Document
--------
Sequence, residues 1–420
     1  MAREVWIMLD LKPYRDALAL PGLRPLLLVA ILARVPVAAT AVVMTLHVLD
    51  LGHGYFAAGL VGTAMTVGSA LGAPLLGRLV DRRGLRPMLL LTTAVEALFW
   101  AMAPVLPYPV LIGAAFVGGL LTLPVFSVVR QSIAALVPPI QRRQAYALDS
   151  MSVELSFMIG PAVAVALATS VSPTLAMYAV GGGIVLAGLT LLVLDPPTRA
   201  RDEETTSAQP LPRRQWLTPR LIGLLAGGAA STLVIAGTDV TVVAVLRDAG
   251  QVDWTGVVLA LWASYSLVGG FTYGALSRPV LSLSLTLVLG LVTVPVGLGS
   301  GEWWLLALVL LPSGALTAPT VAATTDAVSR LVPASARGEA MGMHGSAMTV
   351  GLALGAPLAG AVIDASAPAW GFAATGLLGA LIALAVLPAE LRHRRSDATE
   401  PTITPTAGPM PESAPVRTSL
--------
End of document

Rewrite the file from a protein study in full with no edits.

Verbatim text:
Sequence, residues 1–420
     1  MAREVWIMLD LKPYRDALAL PGLRPLLLVA ILARVPVAAT AVVMTLHVLD
    51  LGHGYFAAGL VGTAMTVGSA LGAPLLGRLV DRRGLRPMLL LTTAVEALFW
   101  AMAPVLPYPV LIGAAFVGGL LTLPVFSVVR QSIAALVPPI QRRQAYALDS
   151  MSVELSFMIG PAVAVALATS VSPTLAMYAV GGGIVLAGLT LLVLDPPTRA
   201  RDEETTSAQP LPRRQWLTPR LIGLLAGGAA STLVIAGTDV TVVAVLRDAG
   251  QVDWTGVVLA LWASYSLVGG FTYGALSRPV LSLSLTLVLG LVTVPVGLGS
   301  GEWWLLALVL LPSGALTAPT VAATTDAVSR LVPASARGEA MGMHGSAMTV
   351  GLALGAPLAG AVIDASAPAW GFAATGLLGA LIALAVLPAE LRHRRSDATE
   401  PTITPTAGPM PESAPVRTSL